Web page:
It’s about time. The the world has had a plethora of BMW diesel models to savor and the US has been forced to make do with one or two offerings at most. Well that’s about to change. Thanks to tighter fuel economy regulations, diesel’s time in the US has arrived.
Many manufacturers have announced new diesel offerings coming to the US and BMW has worked to improve the image of diesels in this market with some clever commercials in the recent past. And BMW makes some of the best diesel automotive engines on the planet, so good that when Toyota needed a diesel for the European market they hooked up with BMW.
So why are diesels more efficient? Diesels rely on higher compression ratios than gasoline engines to produce ultra-high temperatures that will ignite fuel injected directly into the cylinder head. Because of that, diesel engines utilize more of the energy content of the fuel to produce work than gasoline engines do. In addition diesel engines can run leaner than gasoline engines in many operating modes and are throttle-less. It’s the way diesels burn fuel that give them their efficiency and also some of their less than desirable characteristics.
The two knocks on diesels have been their clatter and soot. Diesel clatter is a by-product of how the fuel burns in the combustion chamber. And the soot (read, black smoke) is a by-product of fuel over-enrichment (a heavy foot). But those problems have been mitigated by better injectors and better software.
BMW diesel tech includes turbo-charging and advanced injectors to maximize the benefits of diesel while minimizing clatter and soot. The end result, an engine that’s fuel efficient and powerful. But what diesels don’t do is rev to the stratosphere. And that’s a by-product of how much time the fuel takes to burn. But with newer injectors that too can be mitigated. Subsequently the newer diesel engines have a wider rev range than previous incarnations.
But even with a limited rev range, the diesel performs very well. Thinking about how often I have the opportunity to tease out the N54B30 from 5000 to 6800 RPM, and thinking about how, with a 123D, I could make the journey from my house to my parent’s (500 miles) without having to stop, a diesel makes a GREAT deal of sense.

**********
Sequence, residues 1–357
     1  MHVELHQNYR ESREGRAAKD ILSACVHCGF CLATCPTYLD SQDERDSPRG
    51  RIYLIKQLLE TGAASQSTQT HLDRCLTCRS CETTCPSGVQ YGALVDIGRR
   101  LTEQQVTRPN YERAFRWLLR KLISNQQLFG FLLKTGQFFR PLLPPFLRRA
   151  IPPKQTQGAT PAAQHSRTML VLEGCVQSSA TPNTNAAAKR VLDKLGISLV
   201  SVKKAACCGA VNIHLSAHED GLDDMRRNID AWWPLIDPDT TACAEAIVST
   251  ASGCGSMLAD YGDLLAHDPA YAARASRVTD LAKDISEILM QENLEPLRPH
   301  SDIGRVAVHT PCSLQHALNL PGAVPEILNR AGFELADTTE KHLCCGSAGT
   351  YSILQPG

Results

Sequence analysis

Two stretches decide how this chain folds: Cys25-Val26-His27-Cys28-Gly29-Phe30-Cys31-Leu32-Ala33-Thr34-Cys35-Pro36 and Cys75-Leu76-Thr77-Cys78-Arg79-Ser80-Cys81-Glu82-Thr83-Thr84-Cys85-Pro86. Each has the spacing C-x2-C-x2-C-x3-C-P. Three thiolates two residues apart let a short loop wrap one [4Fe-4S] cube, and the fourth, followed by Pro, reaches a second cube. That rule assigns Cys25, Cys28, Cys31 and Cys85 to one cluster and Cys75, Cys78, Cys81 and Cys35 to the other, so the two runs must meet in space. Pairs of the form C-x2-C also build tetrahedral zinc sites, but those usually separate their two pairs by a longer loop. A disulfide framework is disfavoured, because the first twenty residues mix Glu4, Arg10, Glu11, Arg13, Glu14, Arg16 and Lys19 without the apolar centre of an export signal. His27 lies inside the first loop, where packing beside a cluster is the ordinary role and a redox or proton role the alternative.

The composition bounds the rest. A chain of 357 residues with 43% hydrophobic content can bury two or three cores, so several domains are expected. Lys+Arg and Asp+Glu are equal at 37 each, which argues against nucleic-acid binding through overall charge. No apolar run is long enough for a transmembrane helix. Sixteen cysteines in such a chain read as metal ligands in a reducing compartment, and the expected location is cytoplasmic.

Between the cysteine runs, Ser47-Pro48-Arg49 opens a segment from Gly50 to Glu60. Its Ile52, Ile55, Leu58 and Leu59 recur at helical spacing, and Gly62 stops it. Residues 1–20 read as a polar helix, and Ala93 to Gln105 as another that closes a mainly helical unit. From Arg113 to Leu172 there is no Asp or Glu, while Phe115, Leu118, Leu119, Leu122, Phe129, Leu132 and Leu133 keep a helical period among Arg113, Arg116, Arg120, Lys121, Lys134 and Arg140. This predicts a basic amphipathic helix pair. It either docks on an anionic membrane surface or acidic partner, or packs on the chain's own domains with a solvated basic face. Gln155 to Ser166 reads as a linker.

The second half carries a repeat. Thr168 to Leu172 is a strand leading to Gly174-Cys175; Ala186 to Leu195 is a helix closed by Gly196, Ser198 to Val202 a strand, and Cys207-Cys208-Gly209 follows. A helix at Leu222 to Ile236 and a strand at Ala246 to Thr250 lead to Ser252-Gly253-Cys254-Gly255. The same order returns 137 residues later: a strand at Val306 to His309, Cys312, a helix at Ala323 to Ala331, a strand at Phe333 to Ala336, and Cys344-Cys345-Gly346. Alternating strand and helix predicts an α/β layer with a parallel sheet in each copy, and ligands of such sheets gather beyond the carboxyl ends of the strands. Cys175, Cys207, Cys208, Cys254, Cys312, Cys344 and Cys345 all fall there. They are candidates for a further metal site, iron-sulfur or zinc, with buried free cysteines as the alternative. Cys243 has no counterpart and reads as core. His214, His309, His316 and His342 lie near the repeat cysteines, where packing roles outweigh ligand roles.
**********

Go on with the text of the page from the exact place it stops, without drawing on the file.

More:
I’ve had the opportunity to drive BMW’s 335d and enjoyed it quite a lot. At the time I wrote that while being green is good, it wouldn’t be a BMW if it didn’t provide the joy of driving. The 335d will show its heels to a large number of sporty sedans, given it’s instant thrust and its roughly six second 0-60 time (some magazine tests have recorded under six seconds). Additionally, all of the chassis composure and great braking performance BMW is known for come with it.
Sequential turbo-chargers, one fairly small – the other larger, provide instant and sustained grunt throughout the engines RPM range. By managing the airflow through both turbo-chargers, sufficient boost occurs at all engine RPMs to produce outstanding power. Peak torque occurs at 1,750 RPM, with over 90% of the torque available under 1,500 RPM. Peak horsepower arrives at 4,200 RPM, quite high for a diesel in actuality. While the M57D30 in the 335d has a 5,000 RPM redline its sibling in the 335i, the N54B30 continues to stretch to 7,000 RPM, building additional power during the climb.
However, whereas the N54B30 produces approximately 300 lb-ft of torque, the M57D30 produces a staggering 425 lb-ft. This torque, rivaling large displacement V8 engines, requires the ZF automatic transmission used in the X5 4.8L. (A manual transmission is not an option.) However, the torque converter is different, being optimized for the diesel engine’s operating characteristics. The gear ratios are the same as the X5 4.8L, however the final drive has been numerical lowered to take advantage of the diesel’s lower RPM limit.
This car is every satisfying to drive. You get all of the accouterments of the 3 Series along with the grunt and ‘greenness’ of one of Ward’s ’10 Best Engines’ for 2009. Driving around town is seamless, passenger may never guess that you have an oil burner under the hood. And it’s acceleration is compelling. Since most drivers rarely see beyond 4500 RPM in the N54 engined 335i in normal driving, the diesel is an attractive alternative.
The one caveat is cost. Diesels are stouter than equivalent gasoline engines and cost a bit more to produce. Subsequently the initial cost of owning a diesel may offset the fuel economy savings. As always, your mileage may vary.